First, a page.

Perhaps this company should do their research and try SUPPORTING the art rather than take the piss out of it. They are doing nothing more than reinforcing the stereotype of the ‘graffiti vandal’ regardless of whether this is a joke or not. They even have a link on their page to the RAGE site.
This may seem a joke to some, but to street artists (the very people they should be trying to target for sales of this model sneaker – as it was designed by one of New York’s most prolific graffiti artists), this comes off as yet another corporate company not taking what they do seriously.
Other brands, for example Vans have effectively promoted their branding though their association with the arts world. And they have done so by having an intimate understanding and positive involvement with the community. Through their support of artists like NeckFace, they’ve become a part of the culture, they appear to genuinely respect the culture and in turn they are genuinely respected.
I have one thing to do when I get home tonight – move the Adidas brand sneakers to the back of the cupboard until this company shows some sort of respect for the very art that they exploit and disrespect to sell their brand.
May 13th, 2008 at 1:53 AM
Dude. Take a chill-pill, seriously. I just don’t get where your self-righteous rant is coming from. I saw the posters in Hosier lane and they did little to obscure the work when they were up. And when I saw them, it seemed pretty clear to me that the campaign is doing more to reinforce the ridiculous nature of the anti-graffiti crackdown, than reinforcing the graffiti vandal stereotype, especially when I headed to the website and saw that they are clearly marketing a range of apparel designed by an iconic writer like Cope2. The whole thing is so obviously tongue in cheek and is designed to show up the stupidity of the anti-graff laws. Whether or not you agree with their approach – by showing what would happen if the walls in Hosier were cleaned, they are pointing out the benefits of street art to a city like Melbourne. Your whole rant smacks of bitterness towards Adidas to me, and it feels like you’re deliberately missing the point for the sake of shitting on a “yet another corporate company”. If you ask me they did their job well, because not only have you taken the time to hunt down this blog post to slag the campaign off, but it has stirred up talk about the anti-graff laws and their implications on art and culture worldwide, so it seems to me the campaign has done exactly what it was intended to do. Get off your fucking high horse.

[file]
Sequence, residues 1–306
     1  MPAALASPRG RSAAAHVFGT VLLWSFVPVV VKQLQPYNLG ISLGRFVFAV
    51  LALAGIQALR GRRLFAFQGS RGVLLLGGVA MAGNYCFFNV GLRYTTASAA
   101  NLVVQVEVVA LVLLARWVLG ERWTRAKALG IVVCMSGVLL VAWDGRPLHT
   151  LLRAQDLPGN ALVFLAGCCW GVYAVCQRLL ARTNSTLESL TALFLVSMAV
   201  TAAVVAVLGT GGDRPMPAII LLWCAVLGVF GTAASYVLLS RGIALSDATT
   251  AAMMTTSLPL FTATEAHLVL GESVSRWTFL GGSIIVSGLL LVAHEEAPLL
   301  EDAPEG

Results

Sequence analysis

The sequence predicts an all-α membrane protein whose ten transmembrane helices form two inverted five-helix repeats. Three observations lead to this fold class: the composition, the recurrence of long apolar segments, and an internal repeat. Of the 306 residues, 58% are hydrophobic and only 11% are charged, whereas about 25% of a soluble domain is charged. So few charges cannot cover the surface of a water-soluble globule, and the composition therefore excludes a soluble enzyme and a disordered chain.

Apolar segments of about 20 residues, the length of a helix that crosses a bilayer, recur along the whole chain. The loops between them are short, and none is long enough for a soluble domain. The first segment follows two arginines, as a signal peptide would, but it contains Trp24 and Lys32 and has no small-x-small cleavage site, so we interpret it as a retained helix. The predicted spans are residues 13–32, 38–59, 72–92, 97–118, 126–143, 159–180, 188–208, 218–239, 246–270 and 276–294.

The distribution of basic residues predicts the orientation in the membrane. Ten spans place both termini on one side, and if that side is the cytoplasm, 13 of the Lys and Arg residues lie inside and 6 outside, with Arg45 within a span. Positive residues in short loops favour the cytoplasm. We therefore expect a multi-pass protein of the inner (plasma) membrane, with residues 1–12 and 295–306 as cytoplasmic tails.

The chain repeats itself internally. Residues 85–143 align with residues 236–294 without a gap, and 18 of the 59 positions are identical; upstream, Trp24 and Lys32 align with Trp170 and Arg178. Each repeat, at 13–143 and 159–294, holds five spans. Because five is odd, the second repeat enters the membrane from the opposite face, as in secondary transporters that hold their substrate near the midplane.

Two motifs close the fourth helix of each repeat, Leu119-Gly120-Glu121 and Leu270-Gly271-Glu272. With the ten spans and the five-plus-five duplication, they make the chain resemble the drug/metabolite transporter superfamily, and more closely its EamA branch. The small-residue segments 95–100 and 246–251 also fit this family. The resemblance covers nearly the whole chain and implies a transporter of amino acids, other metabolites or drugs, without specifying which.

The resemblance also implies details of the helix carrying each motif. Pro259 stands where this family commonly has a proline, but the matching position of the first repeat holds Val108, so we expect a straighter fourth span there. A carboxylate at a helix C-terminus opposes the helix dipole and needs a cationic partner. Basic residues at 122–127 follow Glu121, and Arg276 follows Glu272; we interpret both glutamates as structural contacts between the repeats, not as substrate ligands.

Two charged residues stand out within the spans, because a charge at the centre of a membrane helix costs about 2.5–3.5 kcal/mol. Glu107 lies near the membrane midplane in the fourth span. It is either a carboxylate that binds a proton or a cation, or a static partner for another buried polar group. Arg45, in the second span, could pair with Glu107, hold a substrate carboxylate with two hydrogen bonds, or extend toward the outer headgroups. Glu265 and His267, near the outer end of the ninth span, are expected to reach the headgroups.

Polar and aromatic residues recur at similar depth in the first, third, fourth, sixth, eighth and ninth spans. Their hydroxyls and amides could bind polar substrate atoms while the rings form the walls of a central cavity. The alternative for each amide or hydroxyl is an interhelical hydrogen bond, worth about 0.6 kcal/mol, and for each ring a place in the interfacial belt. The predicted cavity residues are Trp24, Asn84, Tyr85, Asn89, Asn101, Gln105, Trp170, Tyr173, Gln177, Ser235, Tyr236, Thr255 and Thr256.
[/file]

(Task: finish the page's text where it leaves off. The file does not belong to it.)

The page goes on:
July 23rd, 2008 at 5:15 AM
james aka jay aka . . .
keep buying Banksy brother
I have no bitterness toward corporate involvement in this culture – or as you say ‘shitting on yet another corporate company’. I as a graffiti writer and graphic designer of 20 odd years have worked for Coca Cola, Sprite, Red Bull, Sony, and funnily enough Adidas US amongst others in a really positive capacity. They have all been respectful to a culture that has ALWAYS been shit on. Yes – graffiti wasn’t born out of a stencil in Fitzroy!!. . and I am simply not in agreement with Adidas Australia’s (or rather their agency’s) backward and out of touch methods of promotion (demotion) of street art. Perhaps Adidas should reconsider their agency and employ those that are a bit more connected and positive toward the art (as they have done in US, Germany, Austria, etc. etc. ) and take a leaf out of other promotional budgets for this type of thing – spot the difference: Nobody is using the demotion of graffiti to promote?” graffiti artists in other parts of the world, and Melbourne during the 90’s was second to NYC as far as graffiti style and progression goes.- how about concentrating on that?????????